Monday, November 16, 2009
People seem to be completely torn on the merits (or lack thereof) of Roland Emmerich's latest film, 2012. There are those who say the film is simply a tragic miscalculation on the level of Transformers 2. Their argument is, in a nutshell, that the film is completely devoid of merit, that there's nothing to enjoy, and that it's a complete waste of celluloid. Then, there are the more level-headed viewers such as Roger Ebert and myself, who acknowledge that the film isn't without it's faults, but that there's so much spectacle on display that it's hard not to find something, anything, to enjoy here.
The film is a portmanteau of sorts of half a dozen other disaster films. When scientists discover that solar radiation is heating up the Earth's core, Adrian Helmsley (Chiwetel Ejiofor) takes it upon himself to enact a three-year plan to preserve humanity. John Cusack plays Jackson Curtis, a virtually unknown author who acts as our everyman. When it starts hitting the fan, Curtis and his family flee an earthquake in Los Angeles to Yellowstone National Park. When Yellowstone explodes, they take a plane to Las Vegas, where they get a connecting flight to China, where the world's governments have been building giant arks in which to survive the coming tsunamis.
This is the plot in its simplest form. I'm ignoring about three dozen other primary and secondary characters, as well as two or three big action sequences. Not that they're not important, but... Actually, parts of this movie are pretty unimportant. The most damning thing I can say about 2012 is that this really is not a tight script. Emmerich seems bound and determined to borrow wholesale scenes from The Poseidon Adventure, Volcano, Earthquake, and even his own The Day After Tomorrow. If he wanted this to be the disaster flick to end all disaster flick, he definitely swung for the fences. However, certain characters add little to the proceedings, such as Oliver Platt's chief science advisor, who acts as the film's de facto villain. Being the antagonist isn't really the problem, but rather that his character arc fizzles out so thoroughly by film's end.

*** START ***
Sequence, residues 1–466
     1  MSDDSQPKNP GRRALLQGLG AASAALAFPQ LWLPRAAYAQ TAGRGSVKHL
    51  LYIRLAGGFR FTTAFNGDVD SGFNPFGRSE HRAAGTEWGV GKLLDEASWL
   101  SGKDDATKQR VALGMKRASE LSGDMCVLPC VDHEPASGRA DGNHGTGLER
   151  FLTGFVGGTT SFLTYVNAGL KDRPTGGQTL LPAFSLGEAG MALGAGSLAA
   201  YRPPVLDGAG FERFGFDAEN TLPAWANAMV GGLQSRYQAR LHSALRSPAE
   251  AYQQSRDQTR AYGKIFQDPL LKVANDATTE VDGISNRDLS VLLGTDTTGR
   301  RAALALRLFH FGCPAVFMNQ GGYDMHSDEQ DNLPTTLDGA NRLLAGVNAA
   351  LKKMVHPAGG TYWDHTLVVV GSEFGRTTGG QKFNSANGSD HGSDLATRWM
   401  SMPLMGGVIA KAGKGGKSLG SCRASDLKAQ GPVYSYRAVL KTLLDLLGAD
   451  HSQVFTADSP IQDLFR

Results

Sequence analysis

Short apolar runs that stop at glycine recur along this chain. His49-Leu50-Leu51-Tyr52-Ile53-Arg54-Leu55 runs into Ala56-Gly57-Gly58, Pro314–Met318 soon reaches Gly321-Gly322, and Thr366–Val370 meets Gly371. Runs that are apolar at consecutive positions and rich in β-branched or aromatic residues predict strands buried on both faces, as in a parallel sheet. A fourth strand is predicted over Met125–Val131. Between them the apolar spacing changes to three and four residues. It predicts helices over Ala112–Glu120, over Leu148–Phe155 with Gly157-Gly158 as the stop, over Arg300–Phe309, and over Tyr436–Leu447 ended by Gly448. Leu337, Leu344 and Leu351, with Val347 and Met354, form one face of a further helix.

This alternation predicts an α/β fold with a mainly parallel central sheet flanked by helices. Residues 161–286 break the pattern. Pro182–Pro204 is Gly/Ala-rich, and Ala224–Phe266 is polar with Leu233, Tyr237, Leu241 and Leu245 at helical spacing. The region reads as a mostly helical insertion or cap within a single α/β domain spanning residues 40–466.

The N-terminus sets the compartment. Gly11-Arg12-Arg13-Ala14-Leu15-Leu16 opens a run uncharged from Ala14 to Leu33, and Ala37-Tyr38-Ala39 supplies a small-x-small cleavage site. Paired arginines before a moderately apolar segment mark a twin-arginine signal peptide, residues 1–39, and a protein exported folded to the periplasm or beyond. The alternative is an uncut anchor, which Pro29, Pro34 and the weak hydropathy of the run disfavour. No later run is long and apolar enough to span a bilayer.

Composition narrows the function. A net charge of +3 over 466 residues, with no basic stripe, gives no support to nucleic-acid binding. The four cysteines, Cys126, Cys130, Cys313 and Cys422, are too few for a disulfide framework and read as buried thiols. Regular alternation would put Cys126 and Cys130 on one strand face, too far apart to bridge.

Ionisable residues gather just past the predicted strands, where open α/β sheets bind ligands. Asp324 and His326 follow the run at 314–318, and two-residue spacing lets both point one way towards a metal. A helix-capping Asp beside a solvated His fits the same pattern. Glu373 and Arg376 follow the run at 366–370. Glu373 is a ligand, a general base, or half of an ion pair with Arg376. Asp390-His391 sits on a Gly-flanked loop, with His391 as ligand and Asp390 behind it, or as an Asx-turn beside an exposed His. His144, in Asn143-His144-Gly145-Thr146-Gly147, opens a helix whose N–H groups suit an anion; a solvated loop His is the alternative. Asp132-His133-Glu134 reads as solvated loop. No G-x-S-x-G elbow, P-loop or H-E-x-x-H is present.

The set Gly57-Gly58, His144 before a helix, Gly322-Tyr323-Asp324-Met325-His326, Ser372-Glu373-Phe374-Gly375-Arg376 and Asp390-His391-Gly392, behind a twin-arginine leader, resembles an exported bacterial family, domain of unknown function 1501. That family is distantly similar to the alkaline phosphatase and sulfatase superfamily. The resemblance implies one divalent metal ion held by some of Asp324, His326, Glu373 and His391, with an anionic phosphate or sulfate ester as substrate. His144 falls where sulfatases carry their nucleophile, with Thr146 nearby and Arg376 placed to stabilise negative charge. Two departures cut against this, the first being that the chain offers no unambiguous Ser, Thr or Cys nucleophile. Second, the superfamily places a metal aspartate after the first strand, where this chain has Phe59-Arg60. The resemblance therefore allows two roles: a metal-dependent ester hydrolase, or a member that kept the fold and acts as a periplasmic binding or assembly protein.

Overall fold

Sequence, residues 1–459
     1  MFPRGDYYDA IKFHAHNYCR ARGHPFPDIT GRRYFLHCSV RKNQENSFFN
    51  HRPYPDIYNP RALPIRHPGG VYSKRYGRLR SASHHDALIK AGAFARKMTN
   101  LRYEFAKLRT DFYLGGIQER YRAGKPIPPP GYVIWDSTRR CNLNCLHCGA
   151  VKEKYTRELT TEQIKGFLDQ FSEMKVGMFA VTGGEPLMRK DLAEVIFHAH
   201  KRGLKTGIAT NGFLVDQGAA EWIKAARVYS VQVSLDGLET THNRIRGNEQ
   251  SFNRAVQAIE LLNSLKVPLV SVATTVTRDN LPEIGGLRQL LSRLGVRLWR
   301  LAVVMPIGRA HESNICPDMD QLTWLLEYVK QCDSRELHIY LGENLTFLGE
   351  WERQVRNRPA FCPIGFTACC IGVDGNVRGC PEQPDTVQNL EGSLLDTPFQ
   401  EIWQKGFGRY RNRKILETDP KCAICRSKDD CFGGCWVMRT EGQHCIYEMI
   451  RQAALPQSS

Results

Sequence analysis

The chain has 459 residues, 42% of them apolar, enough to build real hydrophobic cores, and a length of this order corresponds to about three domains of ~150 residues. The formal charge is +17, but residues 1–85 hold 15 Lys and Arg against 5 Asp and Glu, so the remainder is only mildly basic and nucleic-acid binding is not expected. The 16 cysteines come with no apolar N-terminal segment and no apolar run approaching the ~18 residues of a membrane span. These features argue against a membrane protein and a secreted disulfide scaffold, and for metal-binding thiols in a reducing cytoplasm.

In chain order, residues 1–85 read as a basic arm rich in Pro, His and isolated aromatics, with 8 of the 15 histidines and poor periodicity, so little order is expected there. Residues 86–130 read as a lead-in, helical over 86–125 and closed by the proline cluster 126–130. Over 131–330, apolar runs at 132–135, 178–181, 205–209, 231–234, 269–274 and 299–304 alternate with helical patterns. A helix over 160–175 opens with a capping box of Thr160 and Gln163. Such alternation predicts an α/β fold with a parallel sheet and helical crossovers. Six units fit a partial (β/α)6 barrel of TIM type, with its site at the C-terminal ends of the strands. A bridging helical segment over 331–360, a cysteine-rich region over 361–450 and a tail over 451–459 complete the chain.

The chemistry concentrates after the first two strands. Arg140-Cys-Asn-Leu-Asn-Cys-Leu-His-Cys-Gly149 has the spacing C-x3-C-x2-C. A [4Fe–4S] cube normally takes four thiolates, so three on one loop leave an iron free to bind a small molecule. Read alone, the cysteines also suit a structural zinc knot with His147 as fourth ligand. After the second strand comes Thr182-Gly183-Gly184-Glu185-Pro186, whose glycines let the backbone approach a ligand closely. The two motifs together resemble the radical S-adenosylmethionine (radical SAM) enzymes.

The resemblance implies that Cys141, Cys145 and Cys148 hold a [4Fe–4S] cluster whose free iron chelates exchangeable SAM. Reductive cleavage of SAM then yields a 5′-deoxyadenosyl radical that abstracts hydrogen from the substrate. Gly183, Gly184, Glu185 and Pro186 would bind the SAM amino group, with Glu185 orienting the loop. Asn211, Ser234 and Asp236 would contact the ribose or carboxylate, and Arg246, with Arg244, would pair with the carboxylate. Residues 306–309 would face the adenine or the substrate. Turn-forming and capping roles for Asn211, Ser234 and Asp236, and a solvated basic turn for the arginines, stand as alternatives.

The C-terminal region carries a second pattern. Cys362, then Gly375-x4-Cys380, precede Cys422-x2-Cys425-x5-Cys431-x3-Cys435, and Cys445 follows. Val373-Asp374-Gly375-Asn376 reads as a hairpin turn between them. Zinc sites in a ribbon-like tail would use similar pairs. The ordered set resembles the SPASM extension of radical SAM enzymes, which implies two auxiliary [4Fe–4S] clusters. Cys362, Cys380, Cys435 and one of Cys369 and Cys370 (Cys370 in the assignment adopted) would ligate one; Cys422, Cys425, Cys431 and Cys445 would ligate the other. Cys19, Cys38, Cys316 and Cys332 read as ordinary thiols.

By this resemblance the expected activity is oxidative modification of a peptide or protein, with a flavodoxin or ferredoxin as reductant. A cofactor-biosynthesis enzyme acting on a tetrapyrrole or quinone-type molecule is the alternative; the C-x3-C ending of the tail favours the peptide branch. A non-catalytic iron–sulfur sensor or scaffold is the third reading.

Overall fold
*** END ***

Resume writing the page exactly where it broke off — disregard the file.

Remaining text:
At 160 minutes, 2012 is definitely a long film with a relatively thin plot. However, what the film lacks in narratve efficiency, it more than makes up for in sheer spectacle. As stated above, there are at least six big action sequences in the film, and the best of these is easily the explosion of the Yellowstone caldera. The resulting mushroom cloud and raining fireballs is definitely a sight to behold, and seeing John Cusack running for dear life is popcorn entertainment at its finest. What sets this apart from obnoxious crap like Transformers 2 is that A) the action is easy to follow, and B) while it is dumb, it never attempts to insult its audience's intelligence.
And despite the relatively poor script, the cast acquits itself nicely. Ejiofor and Cusack come off the best here, the former getting the bulk of the big hero speeches. It seems sort of antithetical to cast an actor of John Cusack's calibur for a film that mostly just requires him to run away and look frightened, but 1408 proved the man can handle genre as well as he can handle drama. Oscar-worthy it ain't, but he does his best with the material Emmerich tosses at him. Danny Glover, Woody Harrelson, and George Segal are among the dozens of other actors relegated to the film's sidelines, but make good use of their limited screen time (Harrelson in particular).
Somewhere in this preposterous soup are mixed in themes of morality, humanity, the preservation of culture and all that jazz. It's almost standard issue for this kind of end-of-the-world flick, but its presence never gets overplayed. We see the Mona Lisa being put into a vault and replaced with a reproduction, supposedly for safe keeping for after the end comes. I understand why, but it's a theme which is brought up only once more, over two hours later. It really only serves to pad the running time, and it's just not really necessary.
If you've made it this far, you've probably gathered that I'm giving this film a pass. But why? It's not a great piece of cinema, destined to win a dozen Oscars. It's the popcorn flick in its purest of forms. The spectacle has been amplified ten-fold, with every dollar of its $225 million budget on full display. If you don't get a visceral thrill (or chill, your choice) watching the USS John F. Kennedy riding a tsunami wave into the White House, among other things, then you're clearly not the audience for this kind of movie, and you probably shouldn't be watching it in the first place.
The rest of us acknowledge that 2012 is an action flick from the master of the genre (faint praise though it may be) capitalizing on popular end-of-days myths, and we put down our $9 knowing full well what we're getting. 2012 delivers precisely what it advertises, and I enjoyed every moment of it. Mind you, I enjoyed it on the basest of levels, but I enjoyed it nonetheless. If you ARE planning on seeing this, see it in theaters. It might still be enjoyable on DVD, but to get the full effect, you really need to see it on the big screen.
3.5 / 5